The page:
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Should You Blow The Whistle On Your Employer?

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If you've recently become aware of an illegal or unethical practice at your place of work, you might be wondering about your potential options. Making the right choice can be difficult, particularly if you like your job -- you don't want to risk being fired or demoted after you've gone up the chain to report this misconduct. Fortunately, there are laws in place to help protect you from potential retaliation. Here is more about whistleblower protection laws and how you can determine whether to report an employer's bad deeds.

What protections exist for whistleblowers?

If you're a federal employee, you need not worry about the consequences of reporting misconduct. The Whistleblower Protection Act (WPA) protects federal employees against retaliation for reporting civil or criminal violations, waste or mismanagement of funds, or other conduct that can negatively affect the health or safety of the public. If you report this type of violation to the appropriate governing body and are later terminated or demoted, you may be able to not only recover your original position (or an equivalent job elsewhere), but lost wages and other financial damages resulting from your unlawful termination.

Most states have their own laws to protect employees (particularly state employees) who report actionable misconduct on their employer's part. However, the statute of limitations -- or the time you have to file this claim -- is generally fairly short. In many states, you'll need to file a civil whistleblower protection lawsuit against your employer or former employer within just a few months of the adverse employment action. If you're planning to report an employer's misconduct, you may want to make yourself familiar with your own state's laws so that you know precisely how long you have to file.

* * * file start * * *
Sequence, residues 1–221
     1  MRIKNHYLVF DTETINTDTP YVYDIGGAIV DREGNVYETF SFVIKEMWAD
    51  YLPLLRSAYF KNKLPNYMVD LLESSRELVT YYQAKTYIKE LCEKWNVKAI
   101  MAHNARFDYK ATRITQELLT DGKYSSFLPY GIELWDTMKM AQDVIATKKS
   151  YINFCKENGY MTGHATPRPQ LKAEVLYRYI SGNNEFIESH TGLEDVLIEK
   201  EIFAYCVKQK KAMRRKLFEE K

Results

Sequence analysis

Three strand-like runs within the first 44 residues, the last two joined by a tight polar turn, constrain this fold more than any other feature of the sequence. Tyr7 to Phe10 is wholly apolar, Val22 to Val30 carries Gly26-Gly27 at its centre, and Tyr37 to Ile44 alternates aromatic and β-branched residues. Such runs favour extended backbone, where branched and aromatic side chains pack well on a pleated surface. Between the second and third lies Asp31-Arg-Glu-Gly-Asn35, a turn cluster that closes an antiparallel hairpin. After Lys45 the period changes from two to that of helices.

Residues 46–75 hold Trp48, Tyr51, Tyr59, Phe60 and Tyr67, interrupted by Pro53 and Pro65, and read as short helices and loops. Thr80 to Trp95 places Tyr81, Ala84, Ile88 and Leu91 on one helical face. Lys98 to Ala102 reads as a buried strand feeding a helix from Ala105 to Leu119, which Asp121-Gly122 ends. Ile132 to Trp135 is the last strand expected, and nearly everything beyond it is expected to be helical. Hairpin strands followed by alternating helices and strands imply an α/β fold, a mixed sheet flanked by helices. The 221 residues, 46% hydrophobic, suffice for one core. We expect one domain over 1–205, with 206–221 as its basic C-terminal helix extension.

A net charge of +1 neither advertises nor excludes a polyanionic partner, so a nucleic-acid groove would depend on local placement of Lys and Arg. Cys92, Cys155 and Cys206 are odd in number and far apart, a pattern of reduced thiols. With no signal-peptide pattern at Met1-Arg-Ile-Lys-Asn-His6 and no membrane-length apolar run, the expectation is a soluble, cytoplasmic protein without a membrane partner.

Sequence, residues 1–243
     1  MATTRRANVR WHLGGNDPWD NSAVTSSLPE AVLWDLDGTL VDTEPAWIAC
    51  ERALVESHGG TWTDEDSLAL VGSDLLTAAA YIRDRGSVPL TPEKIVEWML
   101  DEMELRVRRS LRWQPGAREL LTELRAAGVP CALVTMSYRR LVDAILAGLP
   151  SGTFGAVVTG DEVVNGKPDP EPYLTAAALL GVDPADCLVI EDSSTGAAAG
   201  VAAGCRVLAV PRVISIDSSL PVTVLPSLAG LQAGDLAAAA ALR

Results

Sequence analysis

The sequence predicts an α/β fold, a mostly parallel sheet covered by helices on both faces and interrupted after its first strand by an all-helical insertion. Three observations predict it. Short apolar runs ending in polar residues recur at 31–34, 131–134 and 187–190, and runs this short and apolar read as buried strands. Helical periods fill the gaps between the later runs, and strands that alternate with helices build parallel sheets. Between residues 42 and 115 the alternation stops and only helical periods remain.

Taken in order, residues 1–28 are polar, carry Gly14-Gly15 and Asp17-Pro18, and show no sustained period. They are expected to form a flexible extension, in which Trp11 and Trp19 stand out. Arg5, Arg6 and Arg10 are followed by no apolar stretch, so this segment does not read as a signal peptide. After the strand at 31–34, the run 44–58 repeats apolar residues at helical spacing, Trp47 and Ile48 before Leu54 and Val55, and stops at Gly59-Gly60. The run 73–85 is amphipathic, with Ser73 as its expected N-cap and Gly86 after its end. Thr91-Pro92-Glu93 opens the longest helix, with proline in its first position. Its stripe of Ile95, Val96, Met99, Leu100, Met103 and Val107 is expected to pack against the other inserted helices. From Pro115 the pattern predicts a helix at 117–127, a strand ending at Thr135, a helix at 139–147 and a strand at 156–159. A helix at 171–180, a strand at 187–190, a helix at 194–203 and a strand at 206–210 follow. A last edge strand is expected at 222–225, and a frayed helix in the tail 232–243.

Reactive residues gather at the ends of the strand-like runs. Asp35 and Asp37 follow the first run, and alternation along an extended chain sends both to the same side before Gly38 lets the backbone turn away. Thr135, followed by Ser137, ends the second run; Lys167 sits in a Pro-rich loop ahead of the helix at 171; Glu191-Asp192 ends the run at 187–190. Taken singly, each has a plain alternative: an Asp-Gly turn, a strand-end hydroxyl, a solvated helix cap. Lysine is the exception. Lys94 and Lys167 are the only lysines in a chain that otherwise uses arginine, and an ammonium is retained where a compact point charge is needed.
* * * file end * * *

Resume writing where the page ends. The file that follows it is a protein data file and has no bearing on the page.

How can you decide whether to report your employer's misconduct?

If you work for a private employer rather than a city, county, state, or federal government, you may not have the same whistleblower protections enjoyed by public employees. However, you could still have the basis for a wrongful termination suit. You'll want to consult with an attorney to determine your legal options.

Regardless of whether you're protected under the federal (or your state's) whistleblower law, it's important to report misconduct you observe. Many individuals have been blacklisted in their relative professions or even spent time in jail due to their efforts to cover up (or failure to report) a violation of law. In the long run, reporting financial, civil, or criminal misconduct will help your employment prospects while ensuring those who violated the law suffer the appropriate consequences of their decisions. For assistance, talk to a professional like Whistleblower Justice Network, Inc.